LAS VEGAS — Imagine a white sand beach with a bar at the dock. Water skiers flash by a small island, where fireworks shoot from twin peaks. Now imagine this water paradise is in the desert of drought-stricken Nevada.
Casino magnate Steve Wynn can, though not everyone shares the vision of the man who brought dancing water fountains, pirate sea battles and an exploding volcano to adorn his previous Las Vegas gambling resorts. The plan is still in the design phase and hasn’t received final approval.
The Paradise Park development proposal unveiled by Wynn Resorts in April would be anchored by a 38-acre, man-made lake built where golfers now tee up on an 18-hole course. Wynn, the company’s CEO, said the park would be an amenity paid for by the resorts fee on hotel rooms at his Wynn and Encore properties, as well as a new 1,000-room hotel tower. Others would pay a $20 to $30 entrance fee to enjoy the festive “lunacy.”
At the size of nearly 100 Olympic swimming pools, the lake is billed as a more conservative use of water for the resort.
“Paradise Park is … taking advantage of imagination and fantasy on property that we own for zero (dollars), with water rights that we own for zero _ and we’re the only ones that have them at this size,” Wynn said on a May 5 earnings call. “And we’re going to do it with solar power, and we’re going to use less water than a golf course, so we’re going to be very green at the same time.”
But some are skeptical about the project’s environmental claims, questioning rates of evaporation at the project, and the ethics of such unnatural water use at a time when drought has parched the West.
“Artificial lakes we should think very hard and long about before we start to expand to that,” said Dale Devitt, a soil and water scientist at UNLV and the director of the Center for Urban Water Conservation.
But Devitt also said there’s no right or wrong when it comes to a community’s economic consideration for using resources, whether it be golf courses and man-made lakes for tourism or farming for food and income.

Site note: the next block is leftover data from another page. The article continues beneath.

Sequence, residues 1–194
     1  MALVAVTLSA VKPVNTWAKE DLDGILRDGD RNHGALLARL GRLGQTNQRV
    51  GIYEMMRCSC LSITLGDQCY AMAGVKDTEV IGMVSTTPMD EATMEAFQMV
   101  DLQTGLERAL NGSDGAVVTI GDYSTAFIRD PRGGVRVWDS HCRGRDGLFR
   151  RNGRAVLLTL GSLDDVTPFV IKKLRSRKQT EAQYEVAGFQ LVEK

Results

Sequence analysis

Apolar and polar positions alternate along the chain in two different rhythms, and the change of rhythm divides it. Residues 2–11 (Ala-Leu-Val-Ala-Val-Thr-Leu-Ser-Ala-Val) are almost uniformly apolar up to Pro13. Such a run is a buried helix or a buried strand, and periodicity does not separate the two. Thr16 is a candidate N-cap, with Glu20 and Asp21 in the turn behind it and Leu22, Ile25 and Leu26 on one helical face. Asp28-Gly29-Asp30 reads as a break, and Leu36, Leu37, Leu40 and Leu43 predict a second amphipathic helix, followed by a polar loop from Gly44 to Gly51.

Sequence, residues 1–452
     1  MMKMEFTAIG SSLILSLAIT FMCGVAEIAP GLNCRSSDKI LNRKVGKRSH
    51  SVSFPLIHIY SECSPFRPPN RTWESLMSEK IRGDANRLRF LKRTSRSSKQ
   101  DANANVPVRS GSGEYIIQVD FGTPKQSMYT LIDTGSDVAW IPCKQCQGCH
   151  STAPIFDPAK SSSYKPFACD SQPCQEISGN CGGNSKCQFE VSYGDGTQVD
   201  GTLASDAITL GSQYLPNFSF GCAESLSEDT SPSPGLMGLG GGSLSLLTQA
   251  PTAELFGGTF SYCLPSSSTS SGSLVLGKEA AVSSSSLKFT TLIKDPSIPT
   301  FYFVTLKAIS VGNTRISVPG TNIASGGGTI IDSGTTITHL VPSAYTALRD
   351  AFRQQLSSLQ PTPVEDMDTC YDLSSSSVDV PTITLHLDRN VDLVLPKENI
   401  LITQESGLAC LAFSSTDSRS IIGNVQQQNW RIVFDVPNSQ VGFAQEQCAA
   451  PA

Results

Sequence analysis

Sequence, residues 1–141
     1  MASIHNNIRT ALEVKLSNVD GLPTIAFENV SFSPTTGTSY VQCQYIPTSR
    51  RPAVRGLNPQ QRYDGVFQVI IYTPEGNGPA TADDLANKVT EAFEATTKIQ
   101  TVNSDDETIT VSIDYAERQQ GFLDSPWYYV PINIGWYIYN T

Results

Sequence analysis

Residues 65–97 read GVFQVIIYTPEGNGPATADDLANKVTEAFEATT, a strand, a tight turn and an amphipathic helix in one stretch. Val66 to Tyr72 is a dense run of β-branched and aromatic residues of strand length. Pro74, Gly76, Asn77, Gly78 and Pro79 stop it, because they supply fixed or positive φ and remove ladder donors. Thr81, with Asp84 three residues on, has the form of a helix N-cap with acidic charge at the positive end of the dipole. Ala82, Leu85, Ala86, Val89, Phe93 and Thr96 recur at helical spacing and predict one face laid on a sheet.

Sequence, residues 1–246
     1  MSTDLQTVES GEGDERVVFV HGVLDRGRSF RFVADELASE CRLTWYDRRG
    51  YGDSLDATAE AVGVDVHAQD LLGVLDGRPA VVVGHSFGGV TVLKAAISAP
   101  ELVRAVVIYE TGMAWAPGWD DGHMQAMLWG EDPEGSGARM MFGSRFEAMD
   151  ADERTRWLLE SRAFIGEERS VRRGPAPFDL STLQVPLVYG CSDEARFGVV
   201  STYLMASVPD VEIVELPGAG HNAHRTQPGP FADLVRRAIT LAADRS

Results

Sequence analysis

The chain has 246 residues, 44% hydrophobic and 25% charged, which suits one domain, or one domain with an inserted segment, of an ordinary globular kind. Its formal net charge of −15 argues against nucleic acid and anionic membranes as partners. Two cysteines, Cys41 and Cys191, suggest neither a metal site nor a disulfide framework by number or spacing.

The Southern Nevada Water Authority estimates the golf course uses about 700 to 800 acre-feet of water per year and the new lake alone would use about 300 to 400 acre-feet per year. One acre-foot of water is about enough to serve two average Las Vegas homes for more than a year.
Should the golf course be halved into a nine-hole amenity as renderings seem to show, the water authority projects the new lake would use about the same amount of water as is consumed now.
In comparison, the popular Fountains of Bellagio water feature – also built by Wynn – uses an estimated 50 to 60 acre-feet of water per year, according to the water authority.
The company owns the water rights on the property, and its use isn’t monitored by the water authority.
“It’s water neutral – at worst water neutral,” Wynn spokesman Michael Weaver said. “We believe it will be better.”
Wynn representatives cautioned the final plans still need to be reviewed and approved by its board of directors, likely in the fall.
The lake would be built using water technology from Crystal Lagoons US Corp. The Miami-based company’s CEO, Uri Man, said that by his estimate, the lake would use far less than what the water authority projects. Rejecting the science suggesting high evaporation loss for an open body of water in the desert, Man said the proposed lake will use about 123 acre-feet of water per year thanks to its use of additives that will create an invisible, safe-for-contact layer of film on top of the water’s surface that will significantly curb evaporation loss.
“We’ve developed evaporation controls that lowers (evaporation by) 40 to 60 per cent, depending on the location,” Man said.
Devitt said evaporation loss for an open body of water is about 20 per cent higher than the base rate for Las Vegas. Evaporation loss for the type of grass generally used for golf courses, meanwhile, is about 30 per cent lower than the base rate.
Crystal Lagoons’ claims were met with skepticism by David Groenfeldt, an anthropologist who studies water ethics as director of the New Mexico-based Water-Culture Institute. He said the concept of evaporation control sounded implausible if not outright magical.
Groenfeldt said that while Paradise Park is not necessarily unethical because it’s not expected to use more water than before, it may be perceived as an excessive attempt to control nature in a time of need.
“It’s like when you’re living on borrowed money and you’re buying a Ferrari and you keep borrowing and borrowing,” Groenfeldt said.